Figure 1: (a) Hyperpigmentation in the patient's face (freckles), lips and gums, and (b) Longitudinal hyperpigmentation on the nails

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Right cervical lymph node excisional biopsy was then performed and pathology revealed caseous granuloma [Figure 2]a, yet no acid-fast bacilli in the special stain. No acid-fast bacilli were found in the special stain or culture of sputum. Chest X-ray was unremarkable. However, the abdominal contrasted computed tomography (CT) scan revealed a heterogeneous right adrenal tumor measuring 3.66 cm × 2.26 cm, soft tissue with dense calcification measuring 1.59 cm × 0.76 cm in the left suprarenal space and enlarged lymph nodes in the left iliac and paraaortic region [Figure 2]b and c. Extrapulmonary TB, involving bilateral adrenal glands, right cervical, and multiple intra-abdominal lymph nodes was highly suspected. The patient refused adrenal CT-guided needle biopsy.
Figure 2: (a) Right neck lymph node biopsy specimen showing caseous granuloma with Langhans giant cells (arrow), (b) (before treatment) Soft tissue measuring 1.59 cm × 0.76 cm, with dense calcifi cation in the left suprarenal space, (c) (before treatment) Abdominal computed tomography scan showing a heterogeneous tumor measuring 3.66 cm × 2.26 cm, with preserved contour and peripheral enhancement in the right adrenal gland, (d) Much regression of the right adrenal mass after 18 months of anti-tuberculosis treatment

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The patient's general symptoms dramatically improved after initiation of steroid treatment (glucocorticoid and fludrocortisone) which was adjusted based on the clinical symptoms and electrolyte concentration. We started empiric anti-TB treatment, including rifampicin, isoniazid, pyrazinamide, and ethambutol that was maintained for 18 months. Sequential abdominal CT scans during and after complete anti-TB treatment revealed a significant reduction of the bilateral adrenal gland tumor within the 18 months [Figure 2]d. The enlarged cervical, paraaortic, and iliac lymph nodes disappeared after 6 months of anti-TB treatment. The hyperpigmentation also gradually faded 6 months following steroid replacement; the disappearance of longitudinal hyperpigmentation on the nails was especially impressive. At present, 6 years after diagnosis, the patient feels well and maintains on steroid replacement.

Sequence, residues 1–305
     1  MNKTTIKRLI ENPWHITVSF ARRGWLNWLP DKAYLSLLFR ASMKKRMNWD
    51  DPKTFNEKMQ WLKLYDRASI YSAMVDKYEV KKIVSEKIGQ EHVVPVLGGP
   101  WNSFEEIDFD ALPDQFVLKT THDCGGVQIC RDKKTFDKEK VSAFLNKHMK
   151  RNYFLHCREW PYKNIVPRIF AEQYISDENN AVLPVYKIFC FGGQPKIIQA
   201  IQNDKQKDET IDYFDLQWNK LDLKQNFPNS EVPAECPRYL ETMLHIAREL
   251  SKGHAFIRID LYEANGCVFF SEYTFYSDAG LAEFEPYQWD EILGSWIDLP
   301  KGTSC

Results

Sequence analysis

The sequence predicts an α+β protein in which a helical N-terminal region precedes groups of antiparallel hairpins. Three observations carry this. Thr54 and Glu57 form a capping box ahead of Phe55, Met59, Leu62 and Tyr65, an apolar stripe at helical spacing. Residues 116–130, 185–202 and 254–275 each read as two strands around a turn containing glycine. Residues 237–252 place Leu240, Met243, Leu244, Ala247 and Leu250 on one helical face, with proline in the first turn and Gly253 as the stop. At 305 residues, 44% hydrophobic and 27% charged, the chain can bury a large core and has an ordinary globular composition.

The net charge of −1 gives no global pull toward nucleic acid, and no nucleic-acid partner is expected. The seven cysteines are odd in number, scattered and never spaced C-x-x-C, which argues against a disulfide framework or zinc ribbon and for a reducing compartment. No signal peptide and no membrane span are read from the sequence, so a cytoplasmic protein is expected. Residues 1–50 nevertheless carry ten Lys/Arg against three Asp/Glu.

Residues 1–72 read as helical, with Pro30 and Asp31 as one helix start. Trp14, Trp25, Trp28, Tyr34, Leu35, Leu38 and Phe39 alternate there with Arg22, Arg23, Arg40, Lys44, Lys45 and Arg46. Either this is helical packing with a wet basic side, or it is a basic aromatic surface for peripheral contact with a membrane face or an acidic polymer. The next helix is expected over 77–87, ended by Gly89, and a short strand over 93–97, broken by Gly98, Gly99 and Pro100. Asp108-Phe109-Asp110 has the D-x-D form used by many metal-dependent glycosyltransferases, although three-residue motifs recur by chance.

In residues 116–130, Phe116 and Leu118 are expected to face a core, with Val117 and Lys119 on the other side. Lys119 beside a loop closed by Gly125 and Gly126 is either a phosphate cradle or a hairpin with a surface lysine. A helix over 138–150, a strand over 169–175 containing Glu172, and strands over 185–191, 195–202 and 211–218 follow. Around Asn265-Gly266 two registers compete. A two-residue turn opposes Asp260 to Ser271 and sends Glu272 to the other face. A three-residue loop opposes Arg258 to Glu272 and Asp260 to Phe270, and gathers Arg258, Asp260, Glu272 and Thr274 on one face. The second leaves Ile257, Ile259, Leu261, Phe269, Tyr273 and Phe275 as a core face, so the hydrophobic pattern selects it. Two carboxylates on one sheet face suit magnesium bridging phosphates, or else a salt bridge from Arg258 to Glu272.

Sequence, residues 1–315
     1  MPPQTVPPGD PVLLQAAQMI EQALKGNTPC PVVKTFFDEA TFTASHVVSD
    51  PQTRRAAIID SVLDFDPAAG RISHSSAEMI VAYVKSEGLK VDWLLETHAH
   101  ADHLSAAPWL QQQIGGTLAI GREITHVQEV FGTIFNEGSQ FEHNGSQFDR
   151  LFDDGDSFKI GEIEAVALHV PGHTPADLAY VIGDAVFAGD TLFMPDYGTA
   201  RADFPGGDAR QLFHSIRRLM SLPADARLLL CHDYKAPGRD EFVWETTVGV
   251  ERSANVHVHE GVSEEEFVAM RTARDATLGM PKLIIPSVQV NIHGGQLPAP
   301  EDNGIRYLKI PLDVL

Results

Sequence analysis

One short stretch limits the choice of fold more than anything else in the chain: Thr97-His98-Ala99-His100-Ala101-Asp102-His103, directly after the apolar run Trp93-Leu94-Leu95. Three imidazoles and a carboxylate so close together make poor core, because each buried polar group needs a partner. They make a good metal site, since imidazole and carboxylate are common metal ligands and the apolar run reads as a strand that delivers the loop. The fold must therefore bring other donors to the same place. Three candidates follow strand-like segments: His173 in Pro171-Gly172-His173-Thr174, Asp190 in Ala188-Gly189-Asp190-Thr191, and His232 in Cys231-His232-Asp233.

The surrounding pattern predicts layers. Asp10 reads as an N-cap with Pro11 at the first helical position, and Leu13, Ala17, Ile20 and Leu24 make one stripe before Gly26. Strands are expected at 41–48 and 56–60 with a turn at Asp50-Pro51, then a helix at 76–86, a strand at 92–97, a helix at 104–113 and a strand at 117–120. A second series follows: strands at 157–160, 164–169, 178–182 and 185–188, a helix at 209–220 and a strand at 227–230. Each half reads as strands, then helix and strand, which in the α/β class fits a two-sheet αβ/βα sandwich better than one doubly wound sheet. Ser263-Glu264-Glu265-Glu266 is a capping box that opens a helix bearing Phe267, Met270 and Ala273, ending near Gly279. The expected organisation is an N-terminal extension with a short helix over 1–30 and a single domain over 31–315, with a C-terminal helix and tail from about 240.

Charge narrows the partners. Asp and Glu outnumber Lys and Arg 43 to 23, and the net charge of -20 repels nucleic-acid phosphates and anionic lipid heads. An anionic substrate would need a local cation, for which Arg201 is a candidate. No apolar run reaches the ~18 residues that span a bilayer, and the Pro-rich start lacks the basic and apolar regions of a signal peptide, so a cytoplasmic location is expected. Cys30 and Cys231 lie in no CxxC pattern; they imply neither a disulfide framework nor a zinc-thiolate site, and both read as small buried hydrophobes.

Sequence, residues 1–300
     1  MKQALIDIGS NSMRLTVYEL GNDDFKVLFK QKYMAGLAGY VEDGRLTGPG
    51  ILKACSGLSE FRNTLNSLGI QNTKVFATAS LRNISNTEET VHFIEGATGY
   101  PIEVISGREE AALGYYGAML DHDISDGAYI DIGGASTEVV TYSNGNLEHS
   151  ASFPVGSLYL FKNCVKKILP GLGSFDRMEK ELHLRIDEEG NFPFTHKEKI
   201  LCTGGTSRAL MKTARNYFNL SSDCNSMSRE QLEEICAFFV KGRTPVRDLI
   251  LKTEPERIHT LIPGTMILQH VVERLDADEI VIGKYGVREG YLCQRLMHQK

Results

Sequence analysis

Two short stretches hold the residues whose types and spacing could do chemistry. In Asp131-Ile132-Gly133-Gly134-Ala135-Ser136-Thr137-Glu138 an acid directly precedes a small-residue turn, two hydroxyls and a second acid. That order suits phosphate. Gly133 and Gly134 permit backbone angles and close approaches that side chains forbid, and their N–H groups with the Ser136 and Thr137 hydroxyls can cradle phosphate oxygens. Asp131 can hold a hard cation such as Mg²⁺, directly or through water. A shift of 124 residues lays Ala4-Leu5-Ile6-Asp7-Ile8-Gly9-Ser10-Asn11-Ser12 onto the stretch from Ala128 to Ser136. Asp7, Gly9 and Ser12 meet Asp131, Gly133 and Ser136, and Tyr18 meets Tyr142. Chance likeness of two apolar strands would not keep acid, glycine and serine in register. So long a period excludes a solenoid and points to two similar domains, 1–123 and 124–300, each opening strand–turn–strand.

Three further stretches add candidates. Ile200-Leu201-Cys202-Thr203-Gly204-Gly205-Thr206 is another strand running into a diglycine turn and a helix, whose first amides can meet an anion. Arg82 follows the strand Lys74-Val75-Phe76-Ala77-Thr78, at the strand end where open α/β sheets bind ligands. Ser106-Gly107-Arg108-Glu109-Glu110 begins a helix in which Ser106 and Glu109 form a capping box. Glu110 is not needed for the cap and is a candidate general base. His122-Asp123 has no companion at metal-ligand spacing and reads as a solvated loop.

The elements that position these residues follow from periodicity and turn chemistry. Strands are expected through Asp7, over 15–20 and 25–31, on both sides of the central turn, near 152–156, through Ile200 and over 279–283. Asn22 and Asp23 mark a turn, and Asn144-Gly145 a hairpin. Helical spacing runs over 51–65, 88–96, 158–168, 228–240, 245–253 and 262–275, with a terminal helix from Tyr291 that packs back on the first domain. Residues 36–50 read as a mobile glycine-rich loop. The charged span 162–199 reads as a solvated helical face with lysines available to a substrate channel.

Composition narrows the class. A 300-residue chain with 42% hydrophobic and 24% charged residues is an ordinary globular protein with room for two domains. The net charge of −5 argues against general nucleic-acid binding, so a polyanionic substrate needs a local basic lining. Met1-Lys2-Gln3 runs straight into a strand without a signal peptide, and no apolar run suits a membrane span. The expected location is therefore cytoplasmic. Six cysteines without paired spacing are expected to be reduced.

Discussion Top


In a few large studies, the incidence of extrapulmonary TB has approached 5% of active TB cases; however, it exceeded that in an autopsy series. [1] In a large retrospective analysis of autopsies, the adrenal gland was the fifth most common site of extrapulmonary TB. Primary adrenal insufficiency occurred in only 15% of patients with adrenal TB. [2] The clinical features of adrenal insufficiency are not noted until over 90% of the adrenal glands have been destroyed. [3] The clinical symptoms of primary adrenal insufficiency are mostly nonspecific. Therefore, it is often overlooked and eventually leads to a delayed diagnosis, even when unique hyperpigmentation is present.

Percutaneous adrenal biopsy has been proven to be of great value, with 90% accuracy in determining the final diagnosis of adrenal masses in patients with a history of malignancy; however, in other pathologic conditions, such as adenomas, infectious disease, primary malignant tumors, or adrenal hemorrhage, its application is much more limited. [4] Fine-needle aspiration is also not helpful in diagnosing adrenal TB. In nononcologic patients, a more conservative diagnostic approach is suggested. [5] As such we did not go ahead with percutaneous adrenal biopsy in this patient and performed right neck lymph node biopsy instead, to study the possible link with adrenal tumor. The pathology of cervical lymph node biopsy revealed a surprising result: Caseous granuloma.